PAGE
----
An ecological niche is the interaction between an organism and its environment. While this interaction is most often discussed from the perspective of the influence of the environment on the organism, the concept of a niche also includes the influence of the organism on its environment. The ability of the organism to re-shape its environment to create a more optimal niche is referred to as niche construction (Laland et al., 2016). This concept of niche construction is defined by the following properties: (1) the organism significantly modifies its environment, and (2) these environmental modifications impact the selection pressures of the organism (Odling-Smee et al., 2013). For example, dam building by beavers dramatically alters the landscape, creating ponds and lakes where streams once were. This alteration in the landscape not only creates new habitat for the beavers and other species, but it also provides a selective force on beaver traits, such as their social behaviors and disease vulnerabilities (Naiman et al., 1988). Notably, this selective force outlasts the beavers who built the dam, providing a selective advantage beyond the current generation.
Like beavers, cancer cells also substantially modify their environments in my, and in doing so influence their selection. For instance, tumor cells alter the geography of their environments through deposition and proteolytic cleavage and clearance of extracellular matrix components (Winkler et al., 2020). These proteolytic enzymes, such as matrix metalloprotease 2 and 9, are prognostic for poorer clinical outcomes in several cancer types (Grignon et al., 1996; Sier et al., 1996; Li et al., 2017; Huang, 2018). Mechanistically, these proteases alter matrix stiffness (Das et al., 2017), facilitate migration by creating space (Krause and Wolf, 2015), and increase pro-survival signaling (Augoff et al., 2020). In addition to remodeling their geography, cancer cells also remodel their nutrient sources. For example, in this issue, Wu et al. describe the process whereby tumors accumulate high concentrations of proliferation-limiting resources. Likewise, secretion of pro-angiogenic factors, such as vascular endothelial growth factor, fibroblast growth factors, epidermal growth factor, and platelet-derived growth factor, mediates formation of new vasculature (Bergers and Benjamin, 2003). In addition, tumor cells exert pressure on other cell types within the habitat of the tumor. Release of soluble factors by cancer cells can induce fibroblasts to switch from tumor suppressing to tumor permissive [reviewed in Alkasalias et al. (2018)]. Cancer cells can also signal to the immune predators in the tumor through expression of immune checkpoints on the cancer cells, such as PD-L1 and CTLA4 (Pardoll, 2012), or through secretion of soluble immuno-suppressive factors, such as TGF-β (Wojtowicz-Praga, 2003), IL-10 (Kim et al., 2006), and soluble WNTs (Liang et al., 2014; Sun et al., 2017). This communication between cancer cells and immune subsets can lead to a restructuring of the immune landscape within the tumor toward a more tumor-tolerant environment.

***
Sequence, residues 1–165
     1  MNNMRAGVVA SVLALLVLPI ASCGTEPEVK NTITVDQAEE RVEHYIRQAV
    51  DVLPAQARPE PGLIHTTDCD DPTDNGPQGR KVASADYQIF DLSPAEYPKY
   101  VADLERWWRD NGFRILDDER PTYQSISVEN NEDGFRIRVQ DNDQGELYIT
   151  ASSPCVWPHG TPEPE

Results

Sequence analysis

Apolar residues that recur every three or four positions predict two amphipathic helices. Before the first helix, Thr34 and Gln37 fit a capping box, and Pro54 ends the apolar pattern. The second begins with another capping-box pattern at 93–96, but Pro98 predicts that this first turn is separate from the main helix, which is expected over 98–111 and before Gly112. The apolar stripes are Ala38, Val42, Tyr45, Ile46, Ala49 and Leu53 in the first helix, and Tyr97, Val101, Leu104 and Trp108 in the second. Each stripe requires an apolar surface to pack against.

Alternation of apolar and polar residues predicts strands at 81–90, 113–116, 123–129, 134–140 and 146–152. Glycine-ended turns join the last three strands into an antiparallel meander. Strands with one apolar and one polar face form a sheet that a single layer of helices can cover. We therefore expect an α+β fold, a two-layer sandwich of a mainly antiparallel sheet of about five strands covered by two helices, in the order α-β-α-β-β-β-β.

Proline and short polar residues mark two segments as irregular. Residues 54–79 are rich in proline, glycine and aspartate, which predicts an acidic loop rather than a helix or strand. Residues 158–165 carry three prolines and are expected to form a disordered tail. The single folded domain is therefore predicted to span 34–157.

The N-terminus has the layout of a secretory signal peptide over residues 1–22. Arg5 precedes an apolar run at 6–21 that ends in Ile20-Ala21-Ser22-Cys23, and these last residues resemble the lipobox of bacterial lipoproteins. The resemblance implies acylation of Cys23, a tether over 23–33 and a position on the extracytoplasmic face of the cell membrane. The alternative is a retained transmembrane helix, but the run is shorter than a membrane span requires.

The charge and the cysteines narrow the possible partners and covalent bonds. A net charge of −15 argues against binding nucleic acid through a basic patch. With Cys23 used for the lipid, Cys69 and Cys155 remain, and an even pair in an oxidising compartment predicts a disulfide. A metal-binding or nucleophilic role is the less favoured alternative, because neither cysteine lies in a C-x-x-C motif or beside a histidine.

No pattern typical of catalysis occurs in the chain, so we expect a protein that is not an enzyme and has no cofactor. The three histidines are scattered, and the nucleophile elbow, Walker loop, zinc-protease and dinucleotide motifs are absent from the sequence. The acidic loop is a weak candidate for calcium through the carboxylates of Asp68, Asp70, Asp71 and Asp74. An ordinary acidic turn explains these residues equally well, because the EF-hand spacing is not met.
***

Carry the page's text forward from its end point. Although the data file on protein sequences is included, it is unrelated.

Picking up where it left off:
Niche construction is not restricted to the local environment of the tumor. Systemic dissemination of signals also primes the pre-metastatic niche toward a cancer cell-permissive environment (Peinado et al., 2017; Doglioni et al., 2019). Signaling factors secreted by cancer cells can remodel distant sites for successful metastasis (Psaila and Lyden, 2009). The production of these secreted factors is also influenced by the local environment, thereby connecting local resource depletion and cell-to-cell crosstalk with distant niche construction in pre-metastatic organs. In mouse models of breast cancer, for example, tumor hypoxia led to the expression of lysyl oxidase, which induced recruitment of CD11b+ myeloid cells to remodel the collagen matrix of pre-metastatic lungs (Erler et al., 2009). Similarly, in preclinical models of lung adenocarcinoma and melanoma metastasis, conditioned media from tumor cells increased secretion of fibronectin in the pre-metastatic niche, which facilitated recruitment of tumor cell-promoting bone marrow-derived cells (Kaplan et al., 2005). Similar to secreted growth factors from tumor cells, exosomes carrying cargo throughout the body facilitate tumor cell seeding at pre-metastatic sites. These exosomes can harbor proteins (Costa-Silva et al., 2015; Hoshino et al., 2015), microRNAs (Rana et al., 2013; Zhou et al., 2014; Fong et al., 2015), and long non-coding RNAs, with impacts on the ecological niche, including extracellular matrix remodeling (Mu et al., 2013), angiogenesis and vascular permeability (Grange et al., 2011; Zeng et al., 2018), and immune cell populations (Liu et al., 2016; Wen et al., 2016). Unguided by an ecological perspective, many of the therapies that target these niche construction mechanisms have not been as successful as intended, and there is a remaining need to define the responses induced by cancer cells to remodel their niches, both locally and distally, at an individual patient level.